Kim Jong Un, who took over the leadership of the country after his father’s death in 2011, however, turned deaf ears to Beijing’s appeals for North Korea to return to the six-party talks, from which it walked away in 2009. Rather than engaging in dialogue, Kim continued his diplomatic brinkmanship with provocative nuclear tests and missile launchings, apparently convinced that China cannot afford to see his regime collapse. Unlike his father, who visited Beijing several times, Kim has neither visited China nor met with Xi since his assumption of power. He was also suspected to have masterminded the February murder in Kuala Lumpur of his half-brother Kim Jong Nam, who had reportedly lived in Macao under Chinese protection.

Against this background and as a result of the U.S.-China summit meeting, China accelerated its pressure against North Korea and indicated its readiness to support even tighter U.N. Security Council sanctions if Pyongyang went ahead with another nuclear test or a test-firing of an ICBM. In a rare move, North Korea responded with harsh criticism of China for having made “reckless remarks” about its nuclear program. North Korea’s coal export allowed under the U.N. sanctions regime reached only 6,300 tons in March, a sharp reduction from 1.23 million tons in February, when China suspended its import of coal from North Korea. Kim’s regime could be pushed to the brink of economic collapse if China imposed additional sanctions, including reduction in the supply of crude oil.

In a bid to push a diplomatic solution of the North Korean issue, at a recent ministerial level meeting of the Security Council, China’s Foreign Minister Wang Yi proposed what he called “suspension-for-suspension” deal, which advocates the suspension of North Korea’s nuclear development program, reciprocated by the suspension of a large-scale military drill by the U.S. and South Korea, to help de-escalate the tension on the peninsula and to lay a foundation for a negotiated settlement of the ongoing crisis.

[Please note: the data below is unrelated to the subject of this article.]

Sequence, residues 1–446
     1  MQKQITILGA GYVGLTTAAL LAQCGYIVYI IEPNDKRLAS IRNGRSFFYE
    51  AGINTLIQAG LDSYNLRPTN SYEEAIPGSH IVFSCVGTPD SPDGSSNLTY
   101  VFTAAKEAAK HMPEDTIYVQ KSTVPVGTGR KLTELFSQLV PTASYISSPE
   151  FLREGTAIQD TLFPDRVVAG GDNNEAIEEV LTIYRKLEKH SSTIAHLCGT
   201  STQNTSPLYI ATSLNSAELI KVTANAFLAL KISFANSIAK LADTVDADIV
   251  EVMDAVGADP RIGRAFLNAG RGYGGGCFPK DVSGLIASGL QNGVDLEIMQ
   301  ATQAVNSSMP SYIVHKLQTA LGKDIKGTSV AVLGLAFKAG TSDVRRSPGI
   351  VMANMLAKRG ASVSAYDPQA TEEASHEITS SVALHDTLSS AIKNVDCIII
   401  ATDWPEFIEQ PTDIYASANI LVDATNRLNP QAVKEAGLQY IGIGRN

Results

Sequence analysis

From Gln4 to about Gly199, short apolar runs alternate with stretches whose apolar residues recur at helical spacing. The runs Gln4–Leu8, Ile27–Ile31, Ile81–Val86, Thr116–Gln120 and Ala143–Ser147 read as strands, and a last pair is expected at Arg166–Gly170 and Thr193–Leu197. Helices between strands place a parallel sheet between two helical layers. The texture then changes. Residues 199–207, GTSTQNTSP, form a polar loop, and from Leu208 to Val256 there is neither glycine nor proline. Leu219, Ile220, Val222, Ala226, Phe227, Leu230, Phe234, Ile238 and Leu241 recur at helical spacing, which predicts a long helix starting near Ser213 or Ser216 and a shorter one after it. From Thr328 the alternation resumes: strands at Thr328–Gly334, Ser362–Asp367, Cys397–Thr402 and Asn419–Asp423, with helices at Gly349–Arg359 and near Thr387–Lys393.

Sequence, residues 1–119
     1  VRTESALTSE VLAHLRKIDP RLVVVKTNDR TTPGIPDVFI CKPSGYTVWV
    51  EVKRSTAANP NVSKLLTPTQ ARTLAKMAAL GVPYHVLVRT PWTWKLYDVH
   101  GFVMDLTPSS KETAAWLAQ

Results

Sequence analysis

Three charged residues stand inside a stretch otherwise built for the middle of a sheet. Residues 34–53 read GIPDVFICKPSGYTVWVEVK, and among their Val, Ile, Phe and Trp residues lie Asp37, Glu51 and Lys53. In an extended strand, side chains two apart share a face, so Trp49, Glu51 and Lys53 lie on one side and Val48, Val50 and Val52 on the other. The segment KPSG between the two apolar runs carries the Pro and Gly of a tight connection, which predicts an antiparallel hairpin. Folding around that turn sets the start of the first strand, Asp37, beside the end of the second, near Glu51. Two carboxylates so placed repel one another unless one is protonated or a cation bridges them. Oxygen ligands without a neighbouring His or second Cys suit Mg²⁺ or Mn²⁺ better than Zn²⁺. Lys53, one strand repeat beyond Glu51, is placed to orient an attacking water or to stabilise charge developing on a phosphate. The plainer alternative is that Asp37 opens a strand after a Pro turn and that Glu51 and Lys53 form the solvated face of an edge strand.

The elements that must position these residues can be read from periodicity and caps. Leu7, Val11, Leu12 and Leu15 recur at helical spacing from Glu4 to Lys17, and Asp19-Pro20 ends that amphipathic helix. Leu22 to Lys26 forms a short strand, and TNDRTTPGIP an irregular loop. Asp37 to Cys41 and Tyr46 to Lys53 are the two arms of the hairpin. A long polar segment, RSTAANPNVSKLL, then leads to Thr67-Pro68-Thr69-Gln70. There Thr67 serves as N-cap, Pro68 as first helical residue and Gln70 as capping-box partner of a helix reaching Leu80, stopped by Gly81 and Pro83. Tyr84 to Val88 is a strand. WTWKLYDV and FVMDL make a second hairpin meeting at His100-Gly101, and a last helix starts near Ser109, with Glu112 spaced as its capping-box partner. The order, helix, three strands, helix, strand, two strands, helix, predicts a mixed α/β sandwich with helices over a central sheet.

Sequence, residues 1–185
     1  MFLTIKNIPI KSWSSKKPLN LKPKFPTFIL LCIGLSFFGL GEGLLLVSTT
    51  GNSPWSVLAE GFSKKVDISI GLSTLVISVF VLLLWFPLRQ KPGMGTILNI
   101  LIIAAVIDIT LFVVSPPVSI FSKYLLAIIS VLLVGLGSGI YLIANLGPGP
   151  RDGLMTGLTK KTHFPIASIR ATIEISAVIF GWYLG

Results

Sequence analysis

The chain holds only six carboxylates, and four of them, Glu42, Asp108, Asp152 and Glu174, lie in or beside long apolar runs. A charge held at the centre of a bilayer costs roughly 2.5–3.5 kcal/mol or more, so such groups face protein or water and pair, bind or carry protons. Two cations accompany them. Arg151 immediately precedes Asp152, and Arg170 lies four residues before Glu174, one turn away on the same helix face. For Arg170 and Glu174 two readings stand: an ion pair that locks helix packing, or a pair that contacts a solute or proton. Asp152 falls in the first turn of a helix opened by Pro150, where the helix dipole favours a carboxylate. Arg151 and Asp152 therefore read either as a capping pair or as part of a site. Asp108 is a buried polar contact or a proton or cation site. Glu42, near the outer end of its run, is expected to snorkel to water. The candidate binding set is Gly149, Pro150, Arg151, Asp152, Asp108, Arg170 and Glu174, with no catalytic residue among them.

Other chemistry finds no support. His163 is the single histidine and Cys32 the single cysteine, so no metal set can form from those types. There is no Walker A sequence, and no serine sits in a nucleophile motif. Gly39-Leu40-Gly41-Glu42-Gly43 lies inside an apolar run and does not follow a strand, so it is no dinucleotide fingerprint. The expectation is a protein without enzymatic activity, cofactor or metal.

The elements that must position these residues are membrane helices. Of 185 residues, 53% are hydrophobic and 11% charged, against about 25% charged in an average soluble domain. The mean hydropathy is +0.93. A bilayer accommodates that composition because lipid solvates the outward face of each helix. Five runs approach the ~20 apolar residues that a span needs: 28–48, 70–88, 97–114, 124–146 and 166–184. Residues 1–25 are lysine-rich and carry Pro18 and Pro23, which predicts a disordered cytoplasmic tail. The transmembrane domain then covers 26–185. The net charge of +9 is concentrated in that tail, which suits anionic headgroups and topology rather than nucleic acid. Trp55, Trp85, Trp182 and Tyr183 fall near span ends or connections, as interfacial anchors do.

While not ruling out the use of force as demonstrated by the recent deployment of a nuclear aircraft career strike force led by the USS Carl Vinson to the waters off North Korea and a Terminal High Altitude Area Defense(THAAD) missile defense system in South Korea, the Trump administration has also emphasized that its goal was to “bring Kim to his senses, and not to his knees,” an indication that Washington was not seeking a regime change as long as North Korea accepts non-nuclear status. Trump himself said recently that he was prepared to meet with Kim “under the right circumstances.” The election earlier this month of South Korean President Moon Jae-in, who advocates detente with Pyongyang, will likely provide further momentum for the efforts among the parties concerned to seek a negotiated solution for the crisis.

Whether the emerging Sino-U.S. coalition will succeed in halting Kim’s nuclear weapons development program remains to be seen, as the ball is in North Korea’s court. Unless North Korea conducts another nuclear test or test-fires an ICBM, however, the coordinated efforts by the U.S. and China offers the best bet to secure peace and stability on the Korean Peninsula and allow the two Koreas to coexist.

A former United Nations official, Hitoki Den is a commentator based in New York. He is the author of “Kokuren wo Yomu: Watashino Seimukan Noto Kara” (“A Story of the U.N.: From the Notes of a Political Affairs Officer”) and many articles on U.N. and Asian issues.